Gorgeous horns. The LH is set-up pretty well, though the button, thumb rest tends to cause numbness after a while. The Bis Bb is positioned nicely. I think the RH thumb position is pretty much tied with a few other horns for the Worst Possible Positioning Award though.
 
The RH thumb position is something I have definitely heard before, but it fits me ok. I really like the adjusting thumbrest on the transitional altos- not because its amazingly excellent at its job (it does fine, but its nothing amazing), but its just a cool design.
 

pete

Brassica Oleracea
Staff member
Administrator
As I've mentioned before, I used to violently hate all Conn saxophones ... until I tried a 30M, the "big brother" to that 10M.
 
I've never tried a "vintage" model with left pinky keys that I like, but a lot of those, inclduing these Conns, just sound really good IMO. I happen to have a "Transitional" model tenor rigt now, here it is (without keys). I think it fits the subject of the thread (except the model) :)

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The left hand pinky table. When properly spaced and set up correctly, this design is comfortable, light, slick, and incredibly facile. If you think Conn M series pinky tables are hard to use, you've never used one that was set up right. All of the keys move a similar distance in the same direction away from the hand. The shape, while angular, is actually the shape that your pinky makes if your first three fingers are stationary and you try to draw a large circle with your pinky. Try it now- keep your fingers on the "home keys" of your keyboard and draw the largest shape with your pinky that you can. Its the shape of a M-series pinky table.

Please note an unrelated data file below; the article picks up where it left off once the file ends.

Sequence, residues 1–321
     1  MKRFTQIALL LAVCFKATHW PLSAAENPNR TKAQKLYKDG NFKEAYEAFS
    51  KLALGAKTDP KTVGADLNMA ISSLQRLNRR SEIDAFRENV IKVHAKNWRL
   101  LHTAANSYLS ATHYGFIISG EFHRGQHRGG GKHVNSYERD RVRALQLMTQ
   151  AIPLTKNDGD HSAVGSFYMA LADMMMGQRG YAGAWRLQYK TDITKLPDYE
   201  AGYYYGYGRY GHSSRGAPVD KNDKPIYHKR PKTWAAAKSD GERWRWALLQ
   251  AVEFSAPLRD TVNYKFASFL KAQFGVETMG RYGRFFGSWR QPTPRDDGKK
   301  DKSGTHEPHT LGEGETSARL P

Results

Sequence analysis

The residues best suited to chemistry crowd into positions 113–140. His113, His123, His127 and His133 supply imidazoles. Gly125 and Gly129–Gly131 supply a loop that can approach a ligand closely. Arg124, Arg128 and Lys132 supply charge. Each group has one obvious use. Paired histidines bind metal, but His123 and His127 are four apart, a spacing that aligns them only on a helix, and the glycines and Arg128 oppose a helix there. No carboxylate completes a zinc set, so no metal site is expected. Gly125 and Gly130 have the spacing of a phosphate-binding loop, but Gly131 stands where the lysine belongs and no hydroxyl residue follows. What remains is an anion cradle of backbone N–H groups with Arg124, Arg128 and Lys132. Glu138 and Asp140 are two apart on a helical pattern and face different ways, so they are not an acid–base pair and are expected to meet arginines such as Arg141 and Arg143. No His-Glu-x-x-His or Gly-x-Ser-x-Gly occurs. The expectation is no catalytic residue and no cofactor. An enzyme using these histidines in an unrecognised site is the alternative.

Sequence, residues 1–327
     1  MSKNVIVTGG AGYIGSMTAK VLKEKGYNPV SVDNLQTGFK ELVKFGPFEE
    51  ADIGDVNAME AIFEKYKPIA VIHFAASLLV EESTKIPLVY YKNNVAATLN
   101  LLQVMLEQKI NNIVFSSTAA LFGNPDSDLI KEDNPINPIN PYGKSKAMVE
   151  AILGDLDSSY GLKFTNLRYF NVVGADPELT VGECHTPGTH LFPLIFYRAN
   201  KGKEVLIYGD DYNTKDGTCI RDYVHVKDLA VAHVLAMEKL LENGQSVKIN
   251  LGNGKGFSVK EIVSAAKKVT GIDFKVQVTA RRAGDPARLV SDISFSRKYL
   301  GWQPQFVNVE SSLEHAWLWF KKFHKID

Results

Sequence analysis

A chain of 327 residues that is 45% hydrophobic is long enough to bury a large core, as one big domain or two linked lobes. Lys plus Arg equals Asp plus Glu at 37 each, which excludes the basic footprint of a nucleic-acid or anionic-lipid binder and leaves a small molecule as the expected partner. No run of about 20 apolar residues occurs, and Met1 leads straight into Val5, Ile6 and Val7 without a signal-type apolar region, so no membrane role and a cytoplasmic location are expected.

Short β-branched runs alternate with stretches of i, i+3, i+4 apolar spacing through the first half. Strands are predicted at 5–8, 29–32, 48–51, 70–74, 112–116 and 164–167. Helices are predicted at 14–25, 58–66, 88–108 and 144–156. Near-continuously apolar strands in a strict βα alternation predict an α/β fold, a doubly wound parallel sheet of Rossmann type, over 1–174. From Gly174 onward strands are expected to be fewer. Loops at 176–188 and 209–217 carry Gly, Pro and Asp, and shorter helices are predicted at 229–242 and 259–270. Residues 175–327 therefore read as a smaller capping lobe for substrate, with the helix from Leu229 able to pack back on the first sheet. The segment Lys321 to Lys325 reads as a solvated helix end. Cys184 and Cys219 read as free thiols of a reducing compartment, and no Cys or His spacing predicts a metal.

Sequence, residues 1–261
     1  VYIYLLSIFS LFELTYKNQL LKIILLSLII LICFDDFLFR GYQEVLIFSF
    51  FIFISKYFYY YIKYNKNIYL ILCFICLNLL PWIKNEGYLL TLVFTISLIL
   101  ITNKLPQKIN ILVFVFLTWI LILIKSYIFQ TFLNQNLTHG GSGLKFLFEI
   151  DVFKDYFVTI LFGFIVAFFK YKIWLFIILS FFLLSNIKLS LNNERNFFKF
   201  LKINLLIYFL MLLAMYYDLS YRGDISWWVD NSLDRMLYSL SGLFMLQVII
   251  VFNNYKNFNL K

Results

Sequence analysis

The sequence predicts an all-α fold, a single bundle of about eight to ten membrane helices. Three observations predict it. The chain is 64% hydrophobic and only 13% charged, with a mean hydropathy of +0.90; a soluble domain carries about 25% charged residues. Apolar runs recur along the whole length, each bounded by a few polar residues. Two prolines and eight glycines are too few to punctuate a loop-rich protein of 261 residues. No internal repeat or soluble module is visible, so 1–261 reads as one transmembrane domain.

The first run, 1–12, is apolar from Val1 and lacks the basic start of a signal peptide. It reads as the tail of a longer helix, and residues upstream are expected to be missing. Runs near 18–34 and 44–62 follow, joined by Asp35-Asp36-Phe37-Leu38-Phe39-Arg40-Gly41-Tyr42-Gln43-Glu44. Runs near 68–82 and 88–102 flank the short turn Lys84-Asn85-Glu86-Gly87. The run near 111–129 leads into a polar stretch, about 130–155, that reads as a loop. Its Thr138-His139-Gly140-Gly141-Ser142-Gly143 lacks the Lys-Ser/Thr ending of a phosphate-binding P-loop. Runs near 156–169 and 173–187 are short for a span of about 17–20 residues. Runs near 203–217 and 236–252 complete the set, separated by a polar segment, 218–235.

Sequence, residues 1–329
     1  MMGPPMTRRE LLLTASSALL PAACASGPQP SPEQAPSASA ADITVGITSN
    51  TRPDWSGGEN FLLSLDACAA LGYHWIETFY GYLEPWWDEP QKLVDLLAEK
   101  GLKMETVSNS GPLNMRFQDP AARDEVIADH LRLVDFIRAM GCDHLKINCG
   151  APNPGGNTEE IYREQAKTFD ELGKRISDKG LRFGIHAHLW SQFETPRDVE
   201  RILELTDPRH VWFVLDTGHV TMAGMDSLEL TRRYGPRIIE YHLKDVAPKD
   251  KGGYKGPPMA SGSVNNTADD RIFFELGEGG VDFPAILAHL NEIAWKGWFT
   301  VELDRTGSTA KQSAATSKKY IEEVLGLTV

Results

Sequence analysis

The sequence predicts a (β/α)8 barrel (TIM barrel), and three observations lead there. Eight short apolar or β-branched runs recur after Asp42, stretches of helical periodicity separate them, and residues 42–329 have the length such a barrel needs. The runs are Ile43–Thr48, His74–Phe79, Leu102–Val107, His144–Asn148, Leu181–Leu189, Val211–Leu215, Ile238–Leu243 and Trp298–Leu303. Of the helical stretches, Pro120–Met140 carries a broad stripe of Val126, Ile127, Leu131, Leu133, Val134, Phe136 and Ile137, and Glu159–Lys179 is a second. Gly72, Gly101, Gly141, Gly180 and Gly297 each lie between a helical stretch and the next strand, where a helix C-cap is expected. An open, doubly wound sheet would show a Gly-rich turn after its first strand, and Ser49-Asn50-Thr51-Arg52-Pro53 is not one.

Pretty nice Matt. The 10M spatulas certainly have a pleasing line. As for spacing and set-up them up, I would bend the Bb ever so slightly to the Left, then twist the B spatula to the Right slightly, so that it's spatula edges and rollers are exactly parallel to those of the Bb and C#. The entire cluster normally sits, pretty much parallel, relative to the axis of the body tube.